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In the Coppell community, thankfully, the majority of kids have access to food whenever they need it. Yet, as with all areas, there are those less fortunate who may not know where their next meal is going to come from. The Metrocrest Sack Summer Hunger program is there for those in need.
Metrocrest is a service organization that has many initiatives in the area such as helping people find jobs, providing clothing, and even rent assistance to those in need. The tagline on their website reads "building a stronger community together," and in just the past year they have assisted nearly 13,000 individuals on their way to self-sufficiency.
Sack Summer Hunger is a service available to kids in Coppell, Farmers Branch, Carrollton and the Addison communities. Those in the program are on free or reduced priced lunches and breakfasts during the school year. To put the program in perspective Metrocrest is giving those in need roughly 130 meals spread out on a weekly basis throughout the summer.
"We procure the food primarily from the North Texas Food Bank," Metrocrest CEO Tracy Eubanks said. "The food we use is not donated, we do take monetary donations. For instance, $54 dollars feeds a kid all summer."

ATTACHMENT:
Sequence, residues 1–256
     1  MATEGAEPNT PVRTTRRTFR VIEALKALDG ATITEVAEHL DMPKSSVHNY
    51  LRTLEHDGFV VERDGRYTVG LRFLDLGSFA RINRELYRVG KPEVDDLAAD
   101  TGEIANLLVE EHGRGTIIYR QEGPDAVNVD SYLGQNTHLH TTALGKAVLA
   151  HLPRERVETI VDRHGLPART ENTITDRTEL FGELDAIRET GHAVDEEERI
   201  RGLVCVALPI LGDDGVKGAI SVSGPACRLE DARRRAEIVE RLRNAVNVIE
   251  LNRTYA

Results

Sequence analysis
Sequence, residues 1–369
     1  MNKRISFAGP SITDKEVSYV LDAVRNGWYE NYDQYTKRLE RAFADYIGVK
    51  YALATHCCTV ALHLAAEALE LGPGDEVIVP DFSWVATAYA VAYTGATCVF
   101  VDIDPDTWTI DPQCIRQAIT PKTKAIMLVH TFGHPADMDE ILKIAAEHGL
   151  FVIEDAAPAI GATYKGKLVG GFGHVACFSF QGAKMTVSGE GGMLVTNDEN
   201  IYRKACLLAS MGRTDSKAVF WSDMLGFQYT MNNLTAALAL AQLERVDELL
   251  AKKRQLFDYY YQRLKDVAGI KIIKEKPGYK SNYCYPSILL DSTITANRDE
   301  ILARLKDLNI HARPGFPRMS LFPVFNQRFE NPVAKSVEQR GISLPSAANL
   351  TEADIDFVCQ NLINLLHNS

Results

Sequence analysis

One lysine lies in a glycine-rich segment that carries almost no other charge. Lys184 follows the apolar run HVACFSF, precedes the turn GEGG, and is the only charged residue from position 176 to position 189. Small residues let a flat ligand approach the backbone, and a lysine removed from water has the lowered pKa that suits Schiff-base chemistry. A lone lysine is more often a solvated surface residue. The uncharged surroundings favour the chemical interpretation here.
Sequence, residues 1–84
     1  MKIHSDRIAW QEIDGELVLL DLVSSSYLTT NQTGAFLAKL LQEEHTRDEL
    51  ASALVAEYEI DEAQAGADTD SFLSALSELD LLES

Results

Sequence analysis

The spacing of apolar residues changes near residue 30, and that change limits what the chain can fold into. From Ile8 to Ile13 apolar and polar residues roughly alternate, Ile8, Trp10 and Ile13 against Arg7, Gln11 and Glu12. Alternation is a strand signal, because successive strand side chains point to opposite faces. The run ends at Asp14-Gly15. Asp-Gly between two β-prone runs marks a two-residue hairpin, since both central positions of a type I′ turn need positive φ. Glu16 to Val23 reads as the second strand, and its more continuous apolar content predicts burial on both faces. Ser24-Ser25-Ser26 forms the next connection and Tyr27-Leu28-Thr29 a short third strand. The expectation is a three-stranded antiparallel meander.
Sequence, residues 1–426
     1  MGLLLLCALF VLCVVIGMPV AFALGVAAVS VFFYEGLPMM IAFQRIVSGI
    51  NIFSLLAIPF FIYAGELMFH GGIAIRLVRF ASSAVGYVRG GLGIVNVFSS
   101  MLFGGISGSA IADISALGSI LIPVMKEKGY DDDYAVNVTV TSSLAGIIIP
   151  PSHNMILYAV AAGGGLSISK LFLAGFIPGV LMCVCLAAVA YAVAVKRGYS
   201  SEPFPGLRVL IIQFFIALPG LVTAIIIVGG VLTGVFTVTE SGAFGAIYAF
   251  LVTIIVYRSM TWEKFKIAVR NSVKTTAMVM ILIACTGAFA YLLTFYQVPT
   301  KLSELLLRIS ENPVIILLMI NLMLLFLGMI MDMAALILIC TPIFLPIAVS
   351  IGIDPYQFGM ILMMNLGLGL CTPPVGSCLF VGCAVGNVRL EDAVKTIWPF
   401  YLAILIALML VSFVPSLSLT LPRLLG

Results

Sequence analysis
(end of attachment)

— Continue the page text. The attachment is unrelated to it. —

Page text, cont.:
While donations cover most of the cost, Metrocrest also applies for government grants to subsidize the rest of the initiative. Once the cost is covered, the volunteers step in to make a difference.
"The Lions Club has been helping with the delivery of the meals for the past few years," Coppell Lions Club Vice President Dan Madden said. "Metrocrest and their volunteers prepare the meals and put together the sacks each week during the summer, and then on ten Saturdays each summer groups of us go to pick up the meals and take them out for delivery."
These sacks consist of items for breakfast, lunch and snacks for five days each week. Many of us take something as simple as food for granted, thinking hunger problems aren't prevalent in this area, yet volunteering for this program and seeing the excitements and the gratitude of those in need is powerful.
"It's great to knock on [the child's] door and say you're with Metrocrest," Eubanks said. "They open the door and say 'hey my food is here!' you can really tell it makes a big difference in their lives."
With around 1,900 kids in the program, the positive effect on the lives of those in need is without question, yet there are 19,000 kids in the area that can benefit from this service. Most schools give children information about Metrocrest Services, but if you are one of those who could benefit from this program or would like to volunteer call 972-446-2100 or visit the Metrocrest website.